“They will follow a man, and you know that as well as I do.” He leaned forward and his tone softened slightly. “I hold these lands for the king by grant of the Count of Burgundy. Should any of them be lost, my own position would be compromised. You know that I cannot risk that. The attacks upon Annossy compel me to make a choice, Melissande.”
Melissande wished for the hundredth time that she might have been born a boy.
Tulley continued. “Whatever you or I or even your villeins might think, these bandits perceive vulnerability at Annossy.”
“With respect, sir, they perceive vulnerability at Privas.”
Tulley inclined his head slightly in acknowledgement of that fact. “But they raid Annossy from that border. I will not risk any loss for the sake of your pride. I have let you temporarily administer your family holdings, but I will not invest you with the seal and break openly with tradition. You had best make your peace with that and soon.”
Melissande glimpsed the warrior that the Lord de Tulley had once been, and appreciated anew his reputation as a man who would see his will done against all obstacles. She regarded him silently, recognizing that this battle was lost, however much she might wish otherwise.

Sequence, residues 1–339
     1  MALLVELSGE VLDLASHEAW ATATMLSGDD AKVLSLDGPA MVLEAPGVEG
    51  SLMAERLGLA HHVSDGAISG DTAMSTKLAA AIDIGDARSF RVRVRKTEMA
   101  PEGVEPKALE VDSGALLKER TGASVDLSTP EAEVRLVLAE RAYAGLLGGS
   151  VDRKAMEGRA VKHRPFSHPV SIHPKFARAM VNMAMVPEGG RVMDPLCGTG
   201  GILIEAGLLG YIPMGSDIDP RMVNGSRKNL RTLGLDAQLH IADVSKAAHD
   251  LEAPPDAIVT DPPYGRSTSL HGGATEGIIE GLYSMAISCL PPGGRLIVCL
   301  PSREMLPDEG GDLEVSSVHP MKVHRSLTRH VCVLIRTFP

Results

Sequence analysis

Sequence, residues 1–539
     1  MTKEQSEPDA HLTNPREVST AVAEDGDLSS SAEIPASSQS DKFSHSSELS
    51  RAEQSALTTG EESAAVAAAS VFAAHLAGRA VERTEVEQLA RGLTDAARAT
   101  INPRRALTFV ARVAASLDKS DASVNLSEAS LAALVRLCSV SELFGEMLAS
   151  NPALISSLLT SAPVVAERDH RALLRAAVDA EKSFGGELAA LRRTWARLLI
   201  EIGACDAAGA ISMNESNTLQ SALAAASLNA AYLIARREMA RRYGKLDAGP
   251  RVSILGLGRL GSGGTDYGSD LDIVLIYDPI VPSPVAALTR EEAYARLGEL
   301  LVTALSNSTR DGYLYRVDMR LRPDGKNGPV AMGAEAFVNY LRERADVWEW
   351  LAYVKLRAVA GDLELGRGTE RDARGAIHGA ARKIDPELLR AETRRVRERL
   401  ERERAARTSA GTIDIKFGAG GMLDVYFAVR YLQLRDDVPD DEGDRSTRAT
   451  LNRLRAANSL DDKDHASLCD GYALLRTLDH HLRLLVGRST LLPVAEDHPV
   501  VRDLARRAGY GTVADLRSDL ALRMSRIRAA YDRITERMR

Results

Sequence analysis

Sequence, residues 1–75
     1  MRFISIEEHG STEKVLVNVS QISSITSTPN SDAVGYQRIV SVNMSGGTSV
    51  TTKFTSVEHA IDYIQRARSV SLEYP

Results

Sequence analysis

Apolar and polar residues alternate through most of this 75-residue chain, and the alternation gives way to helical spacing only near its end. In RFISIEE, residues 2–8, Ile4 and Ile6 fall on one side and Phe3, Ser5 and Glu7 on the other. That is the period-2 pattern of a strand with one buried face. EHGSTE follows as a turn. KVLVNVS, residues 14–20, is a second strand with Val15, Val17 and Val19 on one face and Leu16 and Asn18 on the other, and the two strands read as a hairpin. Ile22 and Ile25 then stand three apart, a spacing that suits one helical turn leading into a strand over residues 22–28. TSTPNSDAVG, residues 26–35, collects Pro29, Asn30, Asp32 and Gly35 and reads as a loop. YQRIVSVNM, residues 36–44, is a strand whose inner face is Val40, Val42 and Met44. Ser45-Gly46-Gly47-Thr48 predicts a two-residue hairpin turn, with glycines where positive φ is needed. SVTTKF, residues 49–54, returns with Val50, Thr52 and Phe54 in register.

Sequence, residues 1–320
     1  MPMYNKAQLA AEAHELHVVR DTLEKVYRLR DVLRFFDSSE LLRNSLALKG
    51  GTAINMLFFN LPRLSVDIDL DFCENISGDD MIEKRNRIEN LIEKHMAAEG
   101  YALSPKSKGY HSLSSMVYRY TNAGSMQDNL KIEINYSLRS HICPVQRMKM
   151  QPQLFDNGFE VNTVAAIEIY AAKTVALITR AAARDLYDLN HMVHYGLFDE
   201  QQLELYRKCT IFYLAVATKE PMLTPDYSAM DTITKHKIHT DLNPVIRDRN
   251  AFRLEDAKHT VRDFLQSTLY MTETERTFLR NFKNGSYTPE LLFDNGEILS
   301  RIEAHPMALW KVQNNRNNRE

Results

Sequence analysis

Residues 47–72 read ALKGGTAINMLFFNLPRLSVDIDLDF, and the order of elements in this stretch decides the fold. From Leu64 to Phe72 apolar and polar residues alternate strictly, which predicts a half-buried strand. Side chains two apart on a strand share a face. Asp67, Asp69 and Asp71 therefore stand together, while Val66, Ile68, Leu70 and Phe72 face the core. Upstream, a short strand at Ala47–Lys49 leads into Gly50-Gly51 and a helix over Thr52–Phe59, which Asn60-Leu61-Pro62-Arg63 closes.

If she had been a man, she would have openly defied him. If she had been a man, there would have been no criticism of her administration. If she had been a man, she would have chosen her own mate freely. Or taken no spouse at all.
She could not remain completely silent. “I will choose…”
“Nay, Melissande,” Tulley said with impatience. “You will wed and, as befits my right as your liege lord, I will decide to whom.”
“I am pledged to wed Arnaud de Privas,” she reminded Tulley. “It would please me to keep my pledge, my lord.”
That was an understatement in the extreme. Melissande’s word was her bond, a habit taught by her beloved father, and a source of pride.
Tulley glowered at her.
“When he returns from winning his fortune…”
“He will not return,” Tulley said briskly. “At any rate, the gaining of his fortune ensures that he cannot wed you.”